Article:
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Britain’s post-Brexit transition period ends on December 31, so the race is on to reach an agreement before that date; The EU and UK parliament are set to ratify a deal and there are expectations that this can be done quickly, given the need to mitigate a “cliffside” scenario for businesses on both sides of the Channel on January 1.
There are glimmers of hope that a deal can still be reached. British Prime Minister Boris Johnson and European Commission President Ursula von der Leyen have agreed to continue discussions beyond last Sunday. Then on Monday Von der Leyen noted that there had been some “movement” in the talks and on Wednesday said that while she could not say whether or not there would be an agreement, “there is a path to an agreement now ”.
“I am happy to report that the governance issues have now been largely resolved. The next few days are going to be decisive, ”von der Leyen noted, but, she added, competition rules (to maintain what the EU calls a“ level playing field ”) and fishing rights remain unresolved.
What happens in a no-deal scenario?
At the basic level, this means that import duties will be applied to each other and trade will become more expensive and complex. The prices of goods to consumers are most likely to increase as a result, and UK supermarkets are already stocking some long-lasting products in the event of shortages or delays in ports.
In 2019, UK exports to the EU were worth £ 294 billion or $ 393.5 billion (43% of all UK exports), while UK imports from the EU were worth £ 374 billion (and accounted for 52% of all UK imports), according to government data. .
Experts note that trade on WTO terms would be more difficult for some sectors than for others.
“Without an agreement on their future trade relations – in particular some sort of free trade agreement – trade between the UK and the EU will be based solely on WTO terms”, Catherine Barnard and Anand Menon , respectively senior fellow and director of ‘The UK in the Changing Europe Think Tank, noted in a detailed report on the matter.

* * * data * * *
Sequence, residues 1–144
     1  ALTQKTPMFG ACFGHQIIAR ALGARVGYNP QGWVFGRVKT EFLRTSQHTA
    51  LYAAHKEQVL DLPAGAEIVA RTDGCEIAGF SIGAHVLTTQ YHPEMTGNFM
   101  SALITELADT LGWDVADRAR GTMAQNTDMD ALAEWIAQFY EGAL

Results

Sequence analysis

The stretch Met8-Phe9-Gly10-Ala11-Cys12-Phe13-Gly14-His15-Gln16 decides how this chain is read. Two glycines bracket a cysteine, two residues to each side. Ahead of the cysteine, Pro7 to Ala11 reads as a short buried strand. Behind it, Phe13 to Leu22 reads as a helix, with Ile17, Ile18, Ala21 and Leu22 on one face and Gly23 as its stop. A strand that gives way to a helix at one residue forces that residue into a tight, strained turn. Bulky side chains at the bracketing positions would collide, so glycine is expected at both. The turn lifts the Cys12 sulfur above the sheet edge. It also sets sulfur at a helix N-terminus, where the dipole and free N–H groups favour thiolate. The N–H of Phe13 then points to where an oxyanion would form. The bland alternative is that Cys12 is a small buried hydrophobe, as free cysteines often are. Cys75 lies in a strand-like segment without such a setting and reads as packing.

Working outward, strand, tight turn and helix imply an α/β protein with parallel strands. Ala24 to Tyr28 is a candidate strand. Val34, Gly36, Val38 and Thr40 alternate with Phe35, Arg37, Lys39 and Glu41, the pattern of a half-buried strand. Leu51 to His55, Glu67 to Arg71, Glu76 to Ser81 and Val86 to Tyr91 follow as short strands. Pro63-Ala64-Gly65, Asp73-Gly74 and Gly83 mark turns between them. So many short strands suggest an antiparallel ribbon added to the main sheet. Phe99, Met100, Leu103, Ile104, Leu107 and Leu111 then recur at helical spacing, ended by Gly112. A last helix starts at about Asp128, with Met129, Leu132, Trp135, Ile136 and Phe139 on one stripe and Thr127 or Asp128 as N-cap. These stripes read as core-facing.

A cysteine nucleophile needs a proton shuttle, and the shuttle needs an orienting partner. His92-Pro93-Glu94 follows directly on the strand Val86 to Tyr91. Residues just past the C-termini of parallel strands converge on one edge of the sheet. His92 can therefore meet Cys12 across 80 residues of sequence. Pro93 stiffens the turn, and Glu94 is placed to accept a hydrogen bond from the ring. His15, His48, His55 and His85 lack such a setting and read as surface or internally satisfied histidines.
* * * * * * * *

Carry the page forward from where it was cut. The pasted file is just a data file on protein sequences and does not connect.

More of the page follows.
‘This means that import duties and various controls will be imposed on trade between the UK and the EU, with impacts concentrated in agriculture and industries that depend on products that repeatedly cross the UK. United and the rest of the EU, such as components for making cars. or ingredients for food processing. ”
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Services, travel … and fishing
Trade on WTO terms would mean that the UK’s services sector, a large part of its economy which previously could ‘relatively freely access the entire EU single market, would only be allowed’ much more restricted access to EU and UK WTO commitments. According to the UK in Barnard and Menon in Europe.
The financial services sector remains an area of uncertainty. The EU has yet to decide whether or not to grant market access to UK banks and other financial firms after December 31 and may not take a decision until January. The lack of clarity has already prompted some banks to relocate offices and staff to continental Europe.
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Travel is an area of concern to many in the UK when it comes to dealing or not making a deal; The Covid-19 pandemic has cast more uncertainty on possible travel disruptions after the end of the transition period, with the UK becoming a ‘third country’ and out of the EU, meaning that British travelers might not be allowed into the area given the high infection. rate in the country, except specific exemption.
Planes, trains and automobiles
The measures aim to ensure “basic air connectivity … to ensure the provision of certain air services between the UK and the EU for 6 months, provided the UK provides the same”, as well as measures aimed at ensuring that aviation safety is maintained. It also proposes a regulation covering basic connectivity with regard to both road freight and road passenger transport for 6 months, again on condition that the UK reciprocates it.
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Impact on the market
Peter Oppenheimer, Chief Global Equities Strategist at Goldman Sachs, weighed the possible impact of a chord and no-chord in a note this week. He and his team concluded that “if there was no deal in the end, national (UK) companies would be affected in several ways”.
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Goldman reiterated its no-deal Brexit target for EUR / GBP at 0.96 (one euro is currently trading at around 90 pence) “but would expect markets to only partially assess this even if negotiations fail over the next few weeks ”.
Would the no-deal be so bad?
“At this point, ‘no deal’ meant the UK was leaving the EU without any agreement on anything. But now a ‘no deal’ would most likely involve all of these deals in the Withdrawal Agreement (Financial Regulation, Citizens’ Rights, Northern Ireland), the substantial progress made in financial services equivalency and the renewal of most of the trade agreements with third parties with the EU, ”he noted.
“A no deal at this stage would therefore be a“ less disruptive ”cooperative“ no deal ”than a more disruptive non-cooperative“ no deal ”. As a result, the economic consequences would probably be less than what most people fear, ”he said. Although he conceded that “the economy would not come out without a hitch.”